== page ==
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[26] proper food. The fifth regiment suffered most; the
Chap. XLI.} 1775. June 17.
eighteenth and the fifty ninth, which had long been very weak, were utterly ruined; and, to the end of the war, the courage of the insurgents in this battle of the people, and their skill as marksmen, never wore out of mind. The loss of officers was observed to be disproportionately great; and the gloom in the quarters of the British was deepened by the reflection, that they had fought not against an enemy, but against their fellow-subjects and kindred; not for the promotion of civil or religious freedom, but for the supremacy of one part of the empire over another. Those who, like Abercrombie, died of their wounds, wanted consolation in their last hour, for they had no hope that posterity would mark their graves or cherish their memory.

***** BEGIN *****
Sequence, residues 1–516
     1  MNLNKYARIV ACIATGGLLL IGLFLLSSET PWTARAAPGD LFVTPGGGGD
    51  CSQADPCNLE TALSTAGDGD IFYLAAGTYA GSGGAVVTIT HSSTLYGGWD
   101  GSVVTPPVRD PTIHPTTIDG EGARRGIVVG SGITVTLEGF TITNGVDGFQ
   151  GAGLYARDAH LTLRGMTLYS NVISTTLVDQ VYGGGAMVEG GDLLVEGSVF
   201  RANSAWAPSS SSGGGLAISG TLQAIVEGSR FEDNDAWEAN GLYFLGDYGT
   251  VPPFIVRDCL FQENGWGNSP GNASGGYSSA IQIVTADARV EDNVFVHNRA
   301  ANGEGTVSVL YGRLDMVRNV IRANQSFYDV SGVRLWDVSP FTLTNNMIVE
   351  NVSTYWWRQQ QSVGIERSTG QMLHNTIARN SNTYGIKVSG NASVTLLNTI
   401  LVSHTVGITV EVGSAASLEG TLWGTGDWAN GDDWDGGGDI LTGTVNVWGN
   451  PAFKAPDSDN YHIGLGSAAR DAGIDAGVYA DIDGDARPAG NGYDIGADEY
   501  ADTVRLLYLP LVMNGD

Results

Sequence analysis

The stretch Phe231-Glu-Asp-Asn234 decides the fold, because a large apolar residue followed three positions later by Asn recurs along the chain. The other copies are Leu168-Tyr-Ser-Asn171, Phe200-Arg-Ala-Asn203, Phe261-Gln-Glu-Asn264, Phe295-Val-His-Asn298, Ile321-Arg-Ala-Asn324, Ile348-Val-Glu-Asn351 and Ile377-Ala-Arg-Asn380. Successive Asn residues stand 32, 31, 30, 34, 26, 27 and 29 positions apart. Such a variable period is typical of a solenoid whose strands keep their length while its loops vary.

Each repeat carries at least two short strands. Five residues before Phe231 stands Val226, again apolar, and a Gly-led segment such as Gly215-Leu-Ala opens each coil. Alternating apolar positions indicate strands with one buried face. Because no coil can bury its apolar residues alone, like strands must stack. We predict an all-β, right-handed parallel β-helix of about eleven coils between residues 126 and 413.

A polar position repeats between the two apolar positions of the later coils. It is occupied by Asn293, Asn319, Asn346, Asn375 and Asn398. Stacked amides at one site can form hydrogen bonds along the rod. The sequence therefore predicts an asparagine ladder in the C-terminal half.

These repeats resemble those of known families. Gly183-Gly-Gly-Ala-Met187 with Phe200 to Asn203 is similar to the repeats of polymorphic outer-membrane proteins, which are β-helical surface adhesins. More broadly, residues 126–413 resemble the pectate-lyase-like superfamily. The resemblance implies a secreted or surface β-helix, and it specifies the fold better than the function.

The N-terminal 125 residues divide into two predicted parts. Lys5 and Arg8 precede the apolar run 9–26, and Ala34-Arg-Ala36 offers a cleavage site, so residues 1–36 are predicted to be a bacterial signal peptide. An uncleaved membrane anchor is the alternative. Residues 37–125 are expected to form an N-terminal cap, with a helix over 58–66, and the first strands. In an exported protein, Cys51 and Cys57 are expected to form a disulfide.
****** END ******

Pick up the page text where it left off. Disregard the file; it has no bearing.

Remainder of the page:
On the day of the battle, the continental congress elected its four major generals. Of these, the first, from deference to Massachusetts, was Artemas Ward. Notwithstanding his ill health, he answered: ‘I always have been, and am still ready to devote my life in attempting to deliver my native country.’

The American people with ingenuous confidence assumed that Charles Lee,—the son of an English officer, trained up from boyhood for the army,—was, as he represented himself, well versed in the science of war, familiar with active service in America, Portugal, Poland, and Turkey, and altogether a soldier of consummate ability, who had joined their cause from the purest impulses of a generous nature. In England he was better understood. ‘From what I know of him,’ wrote Sir Joseph Yorke, then British minister at the Hague, ‘he is the worst present which could be made to any army.’

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